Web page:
Fair and Square

The concept of fairness in financial lending is thorny, with banks frequently accused of using deceptive or abusive practices. Add machine-learning algorithms into the mix and things can get downright dicey. 

How can a financial institution guarantee that its artificial intelligence is making fair determinations? And what if a rejected borrower asks for the reason she was turned down by the algorithm?

A newsworthy solution

The Associated Press (AP) publishes 2,000 news stories each day, covering everything from international politics to incendiary pop stars, but those articles are only effective if readers can find them.

To help content appear in relevant web searches, the AP applies metadata tags to upwards of 100,000 pieces of news media each day. But, with about 200,000 different tags to choose from (out of billions of possible people, places, and things), and no clear way to ensure metadata accuracy, the tags are sometimes ineffective, preventing relevant stories from reaching readers.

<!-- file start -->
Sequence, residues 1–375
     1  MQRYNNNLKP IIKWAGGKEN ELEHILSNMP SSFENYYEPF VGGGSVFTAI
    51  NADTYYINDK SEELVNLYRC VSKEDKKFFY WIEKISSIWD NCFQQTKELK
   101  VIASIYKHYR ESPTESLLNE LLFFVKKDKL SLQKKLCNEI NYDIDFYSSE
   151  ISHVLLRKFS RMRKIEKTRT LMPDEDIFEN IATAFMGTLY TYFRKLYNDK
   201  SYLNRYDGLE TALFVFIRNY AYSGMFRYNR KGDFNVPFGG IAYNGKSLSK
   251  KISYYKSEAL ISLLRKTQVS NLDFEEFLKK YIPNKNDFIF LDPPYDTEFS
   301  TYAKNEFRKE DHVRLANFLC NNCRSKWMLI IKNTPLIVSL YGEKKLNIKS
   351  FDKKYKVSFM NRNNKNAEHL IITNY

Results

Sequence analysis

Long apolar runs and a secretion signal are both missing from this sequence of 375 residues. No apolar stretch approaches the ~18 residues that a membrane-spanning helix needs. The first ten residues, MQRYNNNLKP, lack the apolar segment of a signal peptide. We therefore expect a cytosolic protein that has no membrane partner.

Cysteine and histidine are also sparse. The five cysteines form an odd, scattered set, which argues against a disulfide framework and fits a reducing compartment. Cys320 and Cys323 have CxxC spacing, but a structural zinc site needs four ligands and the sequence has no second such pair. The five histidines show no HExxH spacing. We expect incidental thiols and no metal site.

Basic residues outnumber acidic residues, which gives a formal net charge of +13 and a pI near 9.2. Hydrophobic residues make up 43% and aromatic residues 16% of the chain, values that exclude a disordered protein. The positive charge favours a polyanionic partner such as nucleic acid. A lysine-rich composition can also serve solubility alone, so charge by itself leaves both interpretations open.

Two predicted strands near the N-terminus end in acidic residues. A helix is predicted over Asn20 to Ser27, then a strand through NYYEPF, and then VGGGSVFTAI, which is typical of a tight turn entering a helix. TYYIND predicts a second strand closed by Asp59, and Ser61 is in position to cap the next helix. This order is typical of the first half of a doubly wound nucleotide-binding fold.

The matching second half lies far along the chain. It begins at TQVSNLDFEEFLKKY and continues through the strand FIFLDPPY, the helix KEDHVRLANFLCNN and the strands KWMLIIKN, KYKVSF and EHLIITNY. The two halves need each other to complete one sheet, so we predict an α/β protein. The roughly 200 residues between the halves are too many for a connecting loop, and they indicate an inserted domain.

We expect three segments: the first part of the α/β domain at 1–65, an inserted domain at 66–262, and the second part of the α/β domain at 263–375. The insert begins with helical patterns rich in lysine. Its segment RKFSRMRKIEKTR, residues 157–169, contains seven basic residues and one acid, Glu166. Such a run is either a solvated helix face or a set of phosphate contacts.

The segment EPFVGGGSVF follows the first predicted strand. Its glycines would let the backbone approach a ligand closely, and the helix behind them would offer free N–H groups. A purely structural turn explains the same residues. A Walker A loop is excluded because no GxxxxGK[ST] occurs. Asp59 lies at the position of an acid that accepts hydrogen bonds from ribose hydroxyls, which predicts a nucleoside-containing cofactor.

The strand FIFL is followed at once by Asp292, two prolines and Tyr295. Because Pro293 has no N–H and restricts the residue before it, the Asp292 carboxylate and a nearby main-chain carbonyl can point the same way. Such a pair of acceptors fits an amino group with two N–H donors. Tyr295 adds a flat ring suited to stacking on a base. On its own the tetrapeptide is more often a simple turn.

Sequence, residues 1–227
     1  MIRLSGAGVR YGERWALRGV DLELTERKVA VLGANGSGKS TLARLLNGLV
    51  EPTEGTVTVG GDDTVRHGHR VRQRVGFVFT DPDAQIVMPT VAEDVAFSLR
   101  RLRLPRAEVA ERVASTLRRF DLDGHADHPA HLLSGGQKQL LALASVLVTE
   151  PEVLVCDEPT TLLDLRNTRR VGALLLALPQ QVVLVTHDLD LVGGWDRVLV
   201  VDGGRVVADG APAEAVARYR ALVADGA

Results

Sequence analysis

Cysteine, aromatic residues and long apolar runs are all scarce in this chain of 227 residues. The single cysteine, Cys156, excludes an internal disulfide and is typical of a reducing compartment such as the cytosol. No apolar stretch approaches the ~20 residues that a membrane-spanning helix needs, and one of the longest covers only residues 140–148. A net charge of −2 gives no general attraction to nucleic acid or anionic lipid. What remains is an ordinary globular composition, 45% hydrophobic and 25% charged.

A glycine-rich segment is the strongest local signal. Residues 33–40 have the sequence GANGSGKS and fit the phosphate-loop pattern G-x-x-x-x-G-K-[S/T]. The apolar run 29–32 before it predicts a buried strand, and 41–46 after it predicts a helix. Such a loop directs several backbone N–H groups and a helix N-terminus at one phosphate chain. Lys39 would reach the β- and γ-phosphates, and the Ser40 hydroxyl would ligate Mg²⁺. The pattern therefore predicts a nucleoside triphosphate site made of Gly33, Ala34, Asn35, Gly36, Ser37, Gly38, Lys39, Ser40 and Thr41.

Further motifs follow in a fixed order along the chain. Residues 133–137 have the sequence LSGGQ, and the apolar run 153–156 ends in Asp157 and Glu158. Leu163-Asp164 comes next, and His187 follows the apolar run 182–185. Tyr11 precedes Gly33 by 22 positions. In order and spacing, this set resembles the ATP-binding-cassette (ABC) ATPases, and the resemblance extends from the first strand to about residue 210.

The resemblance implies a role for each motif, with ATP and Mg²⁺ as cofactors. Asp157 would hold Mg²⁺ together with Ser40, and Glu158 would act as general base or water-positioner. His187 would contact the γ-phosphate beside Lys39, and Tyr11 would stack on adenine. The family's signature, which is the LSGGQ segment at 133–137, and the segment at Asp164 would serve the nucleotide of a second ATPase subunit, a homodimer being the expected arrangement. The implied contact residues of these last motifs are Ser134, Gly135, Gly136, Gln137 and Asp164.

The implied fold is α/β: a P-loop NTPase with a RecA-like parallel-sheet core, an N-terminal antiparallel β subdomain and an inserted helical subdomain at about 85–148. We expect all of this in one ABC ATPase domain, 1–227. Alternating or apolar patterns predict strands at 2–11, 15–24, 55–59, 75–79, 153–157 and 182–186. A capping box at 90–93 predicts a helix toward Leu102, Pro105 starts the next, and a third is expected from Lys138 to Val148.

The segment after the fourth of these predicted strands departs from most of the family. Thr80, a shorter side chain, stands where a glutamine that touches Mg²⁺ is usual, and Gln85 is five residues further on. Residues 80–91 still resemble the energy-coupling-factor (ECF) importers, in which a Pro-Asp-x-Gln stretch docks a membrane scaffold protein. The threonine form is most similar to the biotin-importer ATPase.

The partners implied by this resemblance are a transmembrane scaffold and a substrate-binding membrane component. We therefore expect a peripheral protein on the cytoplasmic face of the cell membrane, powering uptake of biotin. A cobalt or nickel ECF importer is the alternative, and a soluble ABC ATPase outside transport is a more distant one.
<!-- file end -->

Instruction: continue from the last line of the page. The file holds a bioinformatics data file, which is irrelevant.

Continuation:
Destination data

With its 28-mile-long azure lake, framed by the snow-capped Alps, the picturesque city of Como, Italy, is a popular vacation destination for entertainment royalty, including George Clooney, Madonna, and Sting.

Paparazzi keep track of these famous visitors, but how can municipal officials monitor the way the other 1 million tourists who visit Como each year travel among the districts and attractions in this medieval city?

Predicting Alzheimer’s

Alzheimer’s disease is the sixth leading cause of death among U.S. adults, yet the chronic neurodegenerative disease has no cure or effective treatment. The key to developing successful therapies likely lies in early detection, since Alzheimer’s causes neurons and synapses to deteriorate slowly and irreversibly.

Pushing boundaries

“Be the smart girl. . .The best way to fight implicit bias is through hard work.”

That was the advice Margo Seltzer, Hershel Smith Professor of Computer Science, offered to more than 100 female technologists, researchers, and students who gathered in Cambridge, Mass., for the global Women in Data Science Conference (WiDS), a daylong event to inspire, connect, and educate women in tech.


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